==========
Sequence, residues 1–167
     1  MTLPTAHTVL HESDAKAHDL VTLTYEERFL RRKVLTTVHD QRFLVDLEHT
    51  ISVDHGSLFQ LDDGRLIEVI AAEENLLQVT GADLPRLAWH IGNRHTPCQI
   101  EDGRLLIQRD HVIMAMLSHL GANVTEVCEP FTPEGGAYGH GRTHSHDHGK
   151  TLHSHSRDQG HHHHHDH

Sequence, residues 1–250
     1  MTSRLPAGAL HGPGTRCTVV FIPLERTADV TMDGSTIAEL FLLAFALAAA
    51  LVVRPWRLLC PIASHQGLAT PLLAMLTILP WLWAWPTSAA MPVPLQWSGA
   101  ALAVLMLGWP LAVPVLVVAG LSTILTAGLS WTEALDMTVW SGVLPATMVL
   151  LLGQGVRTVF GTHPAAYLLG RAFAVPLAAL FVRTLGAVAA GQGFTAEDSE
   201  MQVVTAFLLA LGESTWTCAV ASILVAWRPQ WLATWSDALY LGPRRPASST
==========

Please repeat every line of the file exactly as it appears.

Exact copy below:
Sequence, residues 1–167
     1  MTLPTAHTVL HESDAKAHDL VTLTYEERFL RRKVLTTVHD QRFLVDLEHT
    51  ISVDHGSLFQ LDDGRLIEVI AAEENLLQVT GADLPRLAWH IGNRHTPCQI
   101  EDGRLLIQRD HVIMAMLSHL GANVTEVCEP FTPEGGAYGH GRTHSHDHGK
   151  TLHSHSRDQG HHHHHDH

Sequence, residues 1–250
     1  MTSRLPAGAL HGPGTRCTVV FIPLERTADV TMDGSTIAEL FLLAFALAAA
    51  LVVRPWRLLC PIASHQGLAT PLLAMLTILP WLWAWPTSAA MPVPLQWSGA
   101  ALAVLMLGWP LAVPVLVVAG LSTILTAGLS WTEALDMTVW SGVLPATMVL
   151  LLGQGVRTVF GTHPAAYLLG RAFAVPLAAL FVRTLGAVAA GQGFTAEDSE
   201  MQVVTAFLLA LGESTWTCAV ASILVAWRPQ WLATWSDALY LGPRRPASST